Western Sydney’s Rapid Response: Care in the Community for COVID-19 initiative empowers local health partners to coordinate digital care provision for COVID-19 patients. The program, a joint initiative between WentWest – the Western Sydney Primary Health Network (WSPHN), and Western Sydney Local Health District (WSLHD), sets a precedent for future home-based patient care. The result, protecting hospitals from being overwhelmed whilst effectively providing community-based care for patients.  

WSPHN and WSLHD have been working together to explore ways of providing enhanced and timely patient care as part of the Western Sydney Care Collective, a vision for ‘one Western Sydney care system’.  The arrival of COVID-19 offered an opportunity to pilot this approach with Care in the Community, a collaborative care model for positive COVID-19 patients to be monitored and consulted from their own homes.  

In December 2020, Care in the Community successfully supported ten positive COVID-19 cases linked to the Berala cluster. Patients were triaged through the hospital and connected to local General Practices, who provided them with coordinated, comprehensive care from the comfort of their own homes, easing the challenges associated with enforced isolation.  

Angela*, a 26-year-old woman from Western Sydney, was referred to the Care in the Community program, having tested positive for COVID-19 with mild to moderate symptoms. She was monitored from her home under the care of a General Practice Team using the CareMonitor application for 14 days. Each day, Angela completed self-assessment questionnaires and inputted her biometric data, such as her temperature. The GP team remotely monitored this information and followed up with the built-in messaging function. On day 11, the CareMonitor team noted a deterioration in Angela’s health, as evidenced from her symptom scores, and organised a video consultation with a doctor at the practice. Fortunately, Angela indicated no signs of respiratory distress, but the team recommended an additional COVID test. Angela’s results were still positive for COVID-19, but lab investigations showed that the cells were dead and that she was no longer contagious. Doctors reassured Angela that her symptoms were the result of post-infection fatigue. After completing her 14-day isolation period, Angela returned to everyday life grateful for the support she had received.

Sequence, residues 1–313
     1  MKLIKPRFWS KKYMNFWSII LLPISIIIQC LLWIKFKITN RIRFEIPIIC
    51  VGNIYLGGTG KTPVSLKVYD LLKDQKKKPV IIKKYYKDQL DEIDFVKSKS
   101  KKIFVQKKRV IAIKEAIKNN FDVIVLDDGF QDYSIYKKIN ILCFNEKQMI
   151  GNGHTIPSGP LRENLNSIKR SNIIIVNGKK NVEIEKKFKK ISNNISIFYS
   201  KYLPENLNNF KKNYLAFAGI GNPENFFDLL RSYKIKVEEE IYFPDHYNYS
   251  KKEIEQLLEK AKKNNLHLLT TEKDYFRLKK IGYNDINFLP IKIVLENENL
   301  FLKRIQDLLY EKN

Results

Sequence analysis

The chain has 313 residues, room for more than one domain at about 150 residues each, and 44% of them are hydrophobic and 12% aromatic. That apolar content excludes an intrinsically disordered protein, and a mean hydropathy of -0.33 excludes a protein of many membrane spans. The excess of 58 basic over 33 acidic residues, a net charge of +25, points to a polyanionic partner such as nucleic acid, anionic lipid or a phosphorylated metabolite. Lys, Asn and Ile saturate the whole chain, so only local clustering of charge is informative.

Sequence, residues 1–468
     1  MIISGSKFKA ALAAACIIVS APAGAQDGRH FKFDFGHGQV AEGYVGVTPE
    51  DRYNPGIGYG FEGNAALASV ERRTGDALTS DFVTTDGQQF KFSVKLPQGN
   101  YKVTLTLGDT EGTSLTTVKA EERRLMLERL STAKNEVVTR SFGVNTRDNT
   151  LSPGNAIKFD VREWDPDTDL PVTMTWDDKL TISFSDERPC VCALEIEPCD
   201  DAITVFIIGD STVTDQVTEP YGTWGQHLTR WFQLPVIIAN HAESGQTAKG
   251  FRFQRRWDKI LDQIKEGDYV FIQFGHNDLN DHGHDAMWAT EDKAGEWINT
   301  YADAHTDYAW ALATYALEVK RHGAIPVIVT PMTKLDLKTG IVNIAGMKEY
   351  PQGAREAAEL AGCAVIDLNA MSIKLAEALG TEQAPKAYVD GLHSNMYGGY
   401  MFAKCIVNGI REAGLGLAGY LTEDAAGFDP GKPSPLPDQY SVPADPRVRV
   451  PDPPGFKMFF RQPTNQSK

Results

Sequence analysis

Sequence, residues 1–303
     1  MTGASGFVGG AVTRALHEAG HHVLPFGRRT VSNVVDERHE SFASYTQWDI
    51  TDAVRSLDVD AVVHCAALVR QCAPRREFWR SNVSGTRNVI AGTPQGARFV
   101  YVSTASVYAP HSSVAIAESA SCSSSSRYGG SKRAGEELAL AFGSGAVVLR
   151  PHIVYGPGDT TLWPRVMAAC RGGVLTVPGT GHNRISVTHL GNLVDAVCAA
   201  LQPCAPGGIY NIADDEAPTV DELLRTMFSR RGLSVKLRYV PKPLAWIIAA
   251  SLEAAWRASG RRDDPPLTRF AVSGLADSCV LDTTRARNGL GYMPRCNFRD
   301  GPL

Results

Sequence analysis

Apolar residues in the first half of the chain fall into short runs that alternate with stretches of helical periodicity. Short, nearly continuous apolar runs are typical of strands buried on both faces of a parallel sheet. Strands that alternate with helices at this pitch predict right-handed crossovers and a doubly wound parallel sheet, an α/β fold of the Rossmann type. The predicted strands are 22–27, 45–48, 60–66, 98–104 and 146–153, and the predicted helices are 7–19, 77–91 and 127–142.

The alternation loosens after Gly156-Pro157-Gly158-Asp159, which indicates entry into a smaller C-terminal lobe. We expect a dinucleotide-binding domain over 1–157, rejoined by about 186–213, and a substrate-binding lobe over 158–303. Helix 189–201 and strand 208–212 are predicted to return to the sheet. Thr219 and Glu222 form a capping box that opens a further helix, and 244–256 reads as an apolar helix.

Dr Walid Jammal, GP at Hills Family General Practice, and involved in the Care in the Community program, said, “From the moment the COVID cases were confirmed, our local hospitals worked strategically alongside selected local general practices, like ours, who are equipped to deal with this particular scenario. I don’t believe anyone likes to be in hospital, and this initiative allows us to provide care in an environment that gives patients added comfort and convenience without compromising the level of care”. 

Ray Messom, CEO at WentWest, the Western Sydney Primary Health Network, said, “With Western Sydney home to four public hospitals, seven community health centres and 350 general practices, this approach makes use of every aspect of our region’s existing facilities, taking a truly holistic view of the provision of primary care”. 

The Berala cluster response demonstrated the effectiveness of primary healthcare in responding to appropriate health issues at a community level rather than an acute setting. Due to the success of the COVID Care in the Community model, WentWest and the WSLHD have their sights on applying this model to manage other chronic and acute care needs under NSW Health’s Collaborative Commissioning Program.  


*Name has been changed to protect the identity of this client